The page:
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Frequently Asked Questions From Prospective Adoptive Parents

If you have questions about adoption, you’re not alone. Here are some of the most common questions we get from prospective adoptive families.

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How long does adoption take?

Our goal is to have an adoptive placement within 12 months of activating your family. Our average placement time goes up and down, depending on the type of adoption you are requesting.

The answers to these questions might determine how long you’ll wait:
  • Is this your first child, or are you already parents? Some expectant moms want a child-free family.
  • Are you open to babies of all races?
  • How much connection do you want with the birth mom?
  • Are you open to a child who’s been exposed to substances in utero?

Why do I need to jump through so many hoops to become an adoptive parent?

Adoption is a unique and complex form of parenting. We know you’re going to be great parents — we want to make sure you’re great adoptive parents, too.

Some parts of the adoption journey are legally mandatory, like your home study. Other educational pieces are so that you can give your child the support they need as an adopted person. All together, the work you’ll do before placement will set you up to be a lifelong learner of all things adoption.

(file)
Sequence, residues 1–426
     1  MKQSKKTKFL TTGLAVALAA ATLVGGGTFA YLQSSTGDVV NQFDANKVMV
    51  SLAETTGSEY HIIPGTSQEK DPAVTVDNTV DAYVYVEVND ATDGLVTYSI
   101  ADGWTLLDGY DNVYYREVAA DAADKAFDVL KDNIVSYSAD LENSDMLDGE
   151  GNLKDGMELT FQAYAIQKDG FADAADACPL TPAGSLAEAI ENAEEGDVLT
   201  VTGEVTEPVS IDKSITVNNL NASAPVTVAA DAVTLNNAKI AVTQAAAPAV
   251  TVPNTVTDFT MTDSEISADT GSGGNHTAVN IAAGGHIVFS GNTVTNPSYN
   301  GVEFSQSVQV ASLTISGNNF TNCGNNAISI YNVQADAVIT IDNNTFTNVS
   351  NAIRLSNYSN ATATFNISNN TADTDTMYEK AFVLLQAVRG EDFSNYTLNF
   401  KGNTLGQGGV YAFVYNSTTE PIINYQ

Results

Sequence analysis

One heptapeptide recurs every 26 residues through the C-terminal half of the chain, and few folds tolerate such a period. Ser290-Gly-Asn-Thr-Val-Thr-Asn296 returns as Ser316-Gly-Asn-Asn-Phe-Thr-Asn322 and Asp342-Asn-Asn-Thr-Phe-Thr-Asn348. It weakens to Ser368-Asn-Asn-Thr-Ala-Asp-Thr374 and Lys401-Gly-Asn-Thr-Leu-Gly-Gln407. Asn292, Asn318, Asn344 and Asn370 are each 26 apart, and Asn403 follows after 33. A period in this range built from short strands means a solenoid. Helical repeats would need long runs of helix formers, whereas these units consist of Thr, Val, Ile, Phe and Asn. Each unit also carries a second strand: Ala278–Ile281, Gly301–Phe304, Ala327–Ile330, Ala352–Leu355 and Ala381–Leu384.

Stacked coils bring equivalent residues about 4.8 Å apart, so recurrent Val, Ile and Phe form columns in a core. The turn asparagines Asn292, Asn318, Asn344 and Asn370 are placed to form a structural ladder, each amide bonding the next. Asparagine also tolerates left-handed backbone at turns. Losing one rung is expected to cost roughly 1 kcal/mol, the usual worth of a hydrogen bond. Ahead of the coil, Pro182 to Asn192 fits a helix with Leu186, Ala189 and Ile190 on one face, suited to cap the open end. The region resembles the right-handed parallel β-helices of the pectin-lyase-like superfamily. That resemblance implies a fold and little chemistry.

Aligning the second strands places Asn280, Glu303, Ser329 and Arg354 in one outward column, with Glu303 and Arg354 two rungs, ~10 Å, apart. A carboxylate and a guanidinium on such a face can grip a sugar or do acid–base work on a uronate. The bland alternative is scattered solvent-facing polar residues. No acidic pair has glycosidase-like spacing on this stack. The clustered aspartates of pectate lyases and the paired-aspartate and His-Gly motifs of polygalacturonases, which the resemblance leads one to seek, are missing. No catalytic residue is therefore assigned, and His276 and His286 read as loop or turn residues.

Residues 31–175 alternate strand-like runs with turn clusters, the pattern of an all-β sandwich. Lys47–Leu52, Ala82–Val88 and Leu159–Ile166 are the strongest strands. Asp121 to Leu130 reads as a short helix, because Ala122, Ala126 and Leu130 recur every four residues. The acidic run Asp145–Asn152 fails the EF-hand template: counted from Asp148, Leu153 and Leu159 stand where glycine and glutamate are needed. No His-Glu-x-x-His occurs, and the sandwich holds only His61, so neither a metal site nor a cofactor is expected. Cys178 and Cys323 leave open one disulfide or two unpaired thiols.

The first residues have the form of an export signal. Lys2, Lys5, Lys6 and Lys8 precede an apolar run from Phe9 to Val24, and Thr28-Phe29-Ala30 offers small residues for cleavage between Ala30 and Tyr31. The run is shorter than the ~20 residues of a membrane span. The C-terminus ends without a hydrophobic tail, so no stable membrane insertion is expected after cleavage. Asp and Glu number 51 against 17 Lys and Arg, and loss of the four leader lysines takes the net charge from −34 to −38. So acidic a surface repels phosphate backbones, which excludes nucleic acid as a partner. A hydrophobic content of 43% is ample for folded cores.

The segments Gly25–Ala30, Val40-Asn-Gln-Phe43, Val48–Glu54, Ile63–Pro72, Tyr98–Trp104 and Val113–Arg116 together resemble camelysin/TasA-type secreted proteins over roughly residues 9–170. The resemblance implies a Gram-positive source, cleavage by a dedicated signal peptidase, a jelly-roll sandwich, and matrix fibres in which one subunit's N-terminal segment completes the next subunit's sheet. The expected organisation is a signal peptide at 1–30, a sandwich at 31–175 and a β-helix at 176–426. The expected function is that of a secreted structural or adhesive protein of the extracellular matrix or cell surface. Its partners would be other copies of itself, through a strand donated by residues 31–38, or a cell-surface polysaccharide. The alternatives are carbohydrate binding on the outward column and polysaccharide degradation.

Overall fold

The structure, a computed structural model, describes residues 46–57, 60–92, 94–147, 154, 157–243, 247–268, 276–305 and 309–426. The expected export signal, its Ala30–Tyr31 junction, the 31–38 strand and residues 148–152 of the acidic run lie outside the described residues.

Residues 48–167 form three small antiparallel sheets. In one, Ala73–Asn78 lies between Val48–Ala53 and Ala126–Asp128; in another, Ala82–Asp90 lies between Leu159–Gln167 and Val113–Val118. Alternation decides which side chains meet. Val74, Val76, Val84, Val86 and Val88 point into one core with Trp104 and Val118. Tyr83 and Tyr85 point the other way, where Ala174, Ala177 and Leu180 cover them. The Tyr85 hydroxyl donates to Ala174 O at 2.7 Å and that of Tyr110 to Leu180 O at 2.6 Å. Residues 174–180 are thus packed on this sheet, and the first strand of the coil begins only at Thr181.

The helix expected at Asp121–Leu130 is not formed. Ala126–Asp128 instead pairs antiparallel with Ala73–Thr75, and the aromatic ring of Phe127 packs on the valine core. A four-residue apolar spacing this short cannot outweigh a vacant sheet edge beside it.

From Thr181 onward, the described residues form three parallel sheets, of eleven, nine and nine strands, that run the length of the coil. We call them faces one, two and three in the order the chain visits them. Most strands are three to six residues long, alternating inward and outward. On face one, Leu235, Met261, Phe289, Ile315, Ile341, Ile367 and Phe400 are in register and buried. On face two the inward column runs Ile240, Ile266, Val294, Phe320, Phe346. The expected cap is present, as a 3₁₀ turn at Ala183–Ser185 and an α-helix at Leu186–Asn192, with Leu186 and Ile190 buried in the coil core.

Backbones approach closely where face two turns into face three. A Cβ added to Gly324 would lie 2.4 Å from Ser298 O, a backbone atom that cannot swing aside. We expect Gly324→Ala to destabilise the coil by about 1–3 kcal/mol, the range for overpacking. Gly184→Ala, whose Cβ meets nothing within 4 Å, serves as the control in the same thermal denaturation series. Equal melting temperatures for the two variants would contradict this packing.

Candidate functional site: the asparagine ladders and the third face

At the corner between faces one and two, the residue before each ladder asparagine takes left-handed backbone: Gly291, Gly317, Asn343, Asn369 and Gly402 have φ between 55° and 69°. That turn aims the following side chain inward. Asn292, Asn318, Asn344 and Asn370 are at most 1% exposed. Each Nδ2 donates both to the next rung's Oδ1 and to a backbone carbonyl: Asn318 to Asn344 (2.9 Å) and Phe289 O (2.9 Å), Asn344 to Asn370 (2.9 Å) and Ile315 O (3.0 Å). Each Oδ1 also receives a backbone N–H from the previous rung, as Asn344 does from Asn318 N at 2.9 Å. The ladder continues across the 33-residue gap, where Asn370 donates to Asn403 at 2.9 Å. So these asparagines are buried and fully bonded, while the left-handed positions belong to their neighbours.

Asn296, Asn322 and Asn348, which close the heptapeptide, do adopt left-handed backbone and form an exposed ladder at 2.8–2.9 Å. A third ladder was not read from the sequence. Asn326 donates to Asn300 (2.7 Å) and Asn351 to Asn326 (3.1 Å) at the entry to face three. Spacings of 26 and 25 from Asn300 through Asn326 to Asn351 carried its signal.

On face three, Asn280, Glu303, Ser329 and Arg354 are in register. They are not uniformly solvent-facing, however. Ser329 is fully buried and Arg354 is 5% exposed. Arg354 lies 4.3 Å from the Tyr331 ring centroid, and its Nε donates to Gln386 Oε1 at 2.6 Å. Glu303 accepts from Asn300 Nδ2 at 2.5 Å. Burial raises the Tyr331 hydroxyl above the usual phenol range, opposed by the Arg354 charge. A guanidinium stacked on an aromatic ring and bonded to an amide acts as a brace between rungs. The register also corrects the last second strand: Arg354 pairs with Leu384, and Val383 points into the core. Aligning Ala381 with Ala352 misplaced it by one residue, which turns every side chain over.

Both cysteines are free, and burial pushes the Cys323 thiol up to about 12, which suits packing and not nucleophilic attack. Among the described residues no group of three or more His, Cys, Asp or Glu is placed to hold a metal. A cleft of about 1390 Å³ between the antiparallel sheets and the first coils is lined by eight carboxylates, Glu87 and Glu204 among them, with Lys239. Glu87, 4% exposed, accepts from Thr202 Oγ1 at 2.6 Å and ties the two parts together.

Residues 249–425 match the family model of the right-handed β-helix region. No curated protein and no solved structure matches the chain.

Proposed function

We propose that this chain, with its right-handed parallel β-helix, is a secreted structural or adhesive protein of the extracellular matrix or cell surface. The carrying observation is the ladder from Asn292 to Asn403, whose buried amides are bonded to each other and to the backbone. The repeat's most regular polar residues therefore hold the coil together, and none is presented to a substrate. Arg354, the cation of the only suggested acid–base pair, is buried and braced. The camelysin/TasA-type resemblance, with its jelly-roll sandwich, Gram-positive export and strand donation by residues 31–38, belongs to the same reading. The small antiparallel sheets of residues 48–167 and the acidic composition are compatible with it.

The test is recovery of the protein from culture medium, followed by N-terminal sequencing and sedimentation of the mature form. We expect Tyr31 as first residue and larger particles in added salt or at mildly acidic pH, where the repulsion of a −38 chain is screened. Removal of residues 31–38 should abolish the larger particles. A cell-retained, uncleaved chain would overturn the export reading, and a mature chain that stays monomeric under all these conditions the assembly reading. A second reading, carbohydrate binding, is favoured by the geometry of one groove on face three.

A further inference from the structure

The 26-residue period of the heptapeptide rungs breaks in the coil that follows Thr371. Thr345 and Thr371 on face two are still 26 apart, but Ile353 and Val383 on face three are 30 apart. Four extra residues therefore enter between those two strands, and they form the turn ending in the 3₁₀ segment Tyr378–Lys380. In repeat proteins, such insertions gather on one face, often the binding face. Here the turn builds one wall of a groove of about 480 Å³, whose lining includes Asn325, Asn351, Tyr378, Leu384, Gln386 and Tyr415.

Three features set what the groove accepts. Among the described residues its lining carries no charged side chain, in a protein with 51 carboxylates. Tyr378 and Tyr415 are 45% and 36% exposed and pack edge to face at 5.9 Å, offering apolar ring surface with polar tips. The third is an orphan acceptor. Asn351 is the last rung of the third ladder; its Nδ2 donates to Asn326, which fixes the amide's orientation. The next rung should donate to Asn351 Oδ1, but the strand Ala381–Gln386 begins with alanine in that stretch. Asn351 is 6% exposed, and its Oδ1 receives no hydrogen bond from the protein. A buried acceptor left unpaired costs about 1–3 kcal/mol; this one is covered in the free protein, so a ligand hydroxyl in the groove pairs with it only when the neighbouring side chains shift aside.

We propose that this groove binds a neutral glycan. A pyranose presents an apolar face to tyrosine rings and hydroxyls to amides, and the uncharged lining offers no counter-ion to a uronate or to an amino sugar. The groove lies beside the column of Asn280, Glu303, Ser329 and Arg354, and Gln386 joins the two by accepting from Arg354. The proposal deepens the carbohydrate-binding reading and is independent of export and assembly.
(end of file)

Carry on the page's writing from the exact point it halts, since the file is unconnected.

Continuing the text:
Should I be worried about a baby’s exposure to substances?

The short answer is yes, but it’s up to you to do your research before deciding how much, if any, exposure you’re comfortable with.

It’s true that some expectant moms use substances while they’re pregnant. But there are different types of substances and levels of substances that can be used. ASC has a tiered system for approval, and you get to decide which tier you’re comfortable with.

The truth is that no matter what time we live in or what a child’s background is, substance exposure is and has been a common reality during pregnancy. If it’s part of the reality for your adopted child, you’ll have the information and support you need to navigate it.


How much does adoption cost?

The cost of a full-service adoption (ASC Gold) is $34,600. Here’s a breakdown of what that payment supports:
  • Marketing — With the information you submit about you and your partner, our team will put together a polished and comprehensive family color profile that we’ll show to expectant moms who match your needs.
  • Home study — ASC provides the necessary home study to approve you as adoptive parents, as well as education materials and a class to prepare you and your partner for the home study
  • Expectant mother living expenses — Part of your payment is used to support the expectant mom you’re matched with. These monthly payments will help relieve some stress while she considers placing her child with your family, and help her pay for the expenses of pregnancy and for 6 weeks after giving birth.